Analyzing Next-Generation Sequencing Data
June 4th - June 15th, 2012
Kellogg Biological Station, MSU
Please sign up for the announcements mailing list if you are interested in taking this class now, or in the future.
Course sponsor: NIH.
Instructors: Dr. C. Titus Brown, Dr. Ian Dworkin, and Dr. Istvan Albert.
This intensive two week summer course will introduce attendees with a strong biology background to the practice of analyzing short-read sequencing data from Roche 454, Illumina GA2, ABI SOLiD, Pacific Biosciences, and other next-gen platforms. The first week will introduce students to computational thinking and large-scale data analysis on UNIX platforms. The second week will focus on mapping, assembly, and analysis of short-read data for resequencing, ChIP-seq, and RNAseq.
No prior programming experience is required, although familiarity with some programming concepts is helpful, and bravery in the face of the unknown is necessary. 2 years or more of graduate school in a biological science is strongly suggested. Faculty, postdocs, and research staff are more than welcome!
Students will gain practical experience in:
- Python and bash shell scripting
- cloud computing/Amazon EC2
- basic software installation on UNIX
- installing and running maq, bowtie, and velvet
- querying mappings and evaluating assemblies
Materials from last year's course are available at http://ged.msu.edu/angus/tutorials-2011 under a Creative Commons/use+reuse license.
You can read a blog post about last year's course here.
What will students learn?
By the end of the course, students will be able to map short-read data to sequenced genomes and query the mapping for variation, transcript prevalence (from mRNAseq data), and enriched genomic regions (from ChIP-seq data). They will also know how to transfer large data sets between computers, run extended analyses while asleep, execute and modify existing Python scripts, and otherwise effectively make use of basic computational resources.
Location, dates, and course structure.
The course will be held at the W.K. Kellogg Biological Station on Gull Lake in western Michigan from noon on Monday, June 4th through noon on Friday, June 15th. Morning and afternoon lectures will be interspersed with practical hands-on labs. Room and board will be provided on-site (see enrolling, below). Sunday, June 12th, will be a day of rest & relaxation. Students should expect to arrive at KBS by Monday, June 4th at noon and stay at KBS through Friday, June 15th at 2pm. KBS is several hours away from the nearest airports and students coming from out of state should plan on arriving on Sunday.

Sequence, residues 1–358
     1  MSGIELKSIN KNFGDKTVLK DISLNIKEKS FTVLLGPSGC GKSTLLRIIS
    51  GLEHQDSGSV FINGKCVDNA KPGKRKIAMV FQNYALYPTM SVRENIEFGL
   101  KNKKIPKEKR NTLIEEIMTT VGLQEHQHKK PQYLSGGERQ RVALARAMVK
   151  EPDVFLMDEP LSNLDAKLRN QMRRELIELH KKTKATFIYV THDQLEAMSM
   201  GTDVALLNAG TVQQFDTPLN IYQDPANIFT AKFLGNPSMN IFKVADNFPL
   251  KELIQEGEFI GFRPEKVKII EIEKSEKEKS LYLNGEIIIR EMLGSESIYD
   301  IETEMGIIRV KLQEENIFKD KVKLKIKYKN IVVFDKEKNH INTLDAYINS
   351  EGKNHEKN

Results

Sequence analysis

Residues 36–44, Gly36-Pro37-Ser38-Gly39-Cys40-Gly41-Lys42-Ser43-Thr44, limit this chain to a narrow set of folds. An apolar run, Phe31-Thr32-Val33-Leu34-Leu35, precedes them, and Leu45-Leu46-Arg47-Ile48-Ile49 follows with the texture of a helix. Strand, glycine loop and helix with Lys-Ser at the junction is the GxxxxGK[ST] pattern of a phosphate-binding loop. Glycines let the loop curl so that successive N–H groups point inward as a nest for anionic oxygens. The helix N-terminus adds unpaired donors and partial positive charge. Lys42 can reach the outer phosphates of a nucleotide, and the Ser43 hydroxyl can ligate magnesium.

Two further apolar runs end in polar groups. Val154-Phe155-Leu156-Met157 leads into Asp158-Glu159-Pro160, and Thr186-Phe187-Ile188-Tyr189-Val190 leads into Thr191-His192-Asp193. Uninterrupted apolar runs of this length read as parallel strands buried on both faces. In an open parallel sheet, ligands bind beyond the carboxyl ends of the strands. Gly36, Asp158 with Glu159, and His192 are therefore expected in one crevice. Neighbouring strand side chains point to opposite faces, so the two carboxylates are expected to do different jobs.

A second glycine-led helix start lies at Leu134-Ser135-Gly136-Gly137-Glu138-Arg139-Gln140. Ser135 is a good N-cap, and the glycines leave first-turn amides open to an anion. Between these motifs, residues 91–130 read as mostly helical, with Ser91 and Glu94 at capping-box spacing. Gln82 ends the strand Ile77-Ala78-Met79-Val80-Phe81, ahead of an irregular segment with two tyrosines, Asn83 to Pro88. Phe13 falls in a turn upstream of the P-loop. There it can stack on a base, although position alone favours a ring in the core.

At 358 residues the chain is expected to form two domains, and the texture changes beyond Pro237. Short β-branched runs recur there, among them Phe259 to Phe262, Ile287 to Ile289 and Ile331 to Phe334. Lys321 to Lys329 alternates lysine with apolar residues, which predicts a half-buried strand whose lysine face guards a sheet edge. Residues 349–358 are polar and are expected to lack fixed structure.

Applying for the course
An application is required, and we can accommodate approximately 24 students. Everyone is welcome, including students unaffiliated with MSU.
Applications are being accepted through March 1st: see the application form. We hope to inform students of acceptance decisions by March 8th.
Tuition, course cost, and enrolling
All students must pay for on-site room and board (see Orchard Dorms) upon arrival. It should be about $500. We will make arrangements for housing *after* choosing students.
There is no tuition fee. All course materials and sundry expenses will be covered.
Applicants must commit to spending both weeks on-site! The middle Sunday will be free.
Taking the course for-credit
There is no formal option for taking the course for credit at MSU or elsewhere.
Please plan to bring a laptop (Mac OS X, Windows, or Linux are all OK). We do not have any additional laptops available this year.
C. Titus Brown (http://ged.msu.edu/) holds a Ph.D. in Developmental Biology from Caltech, and has worked on digital evolution, physical meteorology, developmental biology, and genomics. He is currently an Assistant Professor in Computer Science and Engineering, and Microbiology and Molecular Genetics, at Michigan State University, where his lab works on developmental biology, genomics and metagenomics data analysis, and software tool development.
Ian Dworkin (https://www.msu.edu/~idworkin/) holds a Ph.D. in Evolutionary Genetics from the University of Toronto, and has worked on Quantitative and statistical genetics, Evolutionary biology, genomics and developmental biology. He is currently an Assistant Professor in Zoology, and in the Program in Ecology, Evolutionary Biology and Behavior, at Michigan State University, where his lab works on evolutionary genomics of development, morphology and behavior, in addition to the development of new statistical tools.
Dr. Istvan Albert (http://www.personal.psu.edu/iua1/) holds a Ph.D. in Physics from the University of Notre Dame and has worked in statistical physics, data mining, bioinformatics and genomics. He is currently an Associate Professor in Biochemistry and Molecular Biology at the Pennsylvania State University where his group works on developing novel data analysis and visualization methods in the fields of bioinformatics and medical informatics. He is also the maintainer of BioStar, a question and answer site for bioinformatics research: http://www.biostars.org
Board of Advisors
Human genetics and genomics: Kevin White, James and Karen Frank Family Professor at University of Chicago.
Animal genetics and genomics: Paul W. Sternberg, Thomas Hunt Morgan Professor of Biology at the California Institute of Technology; member of the National Academy of Sciences.
Microbial evolution and resequencing: Richard E. Lenski, Hannah Distinguished Professor at Michigan State University; member of the National Academy of Sciences.
Plant genetics and genomics: Robin Buell, Associate Professor at Michigan State University.
Microbial population sequencing and metagenomics: James M. Tiedje,
Professor, Michigan State University; member of the National Academy of Sciences.
Bioinformatics and genomics: Lincoln Stein, Platform Leader, Informatics and Bio-Computing, Ontario Institute for Cancer Research; Professor, Cold Spring Harbor Laboratory.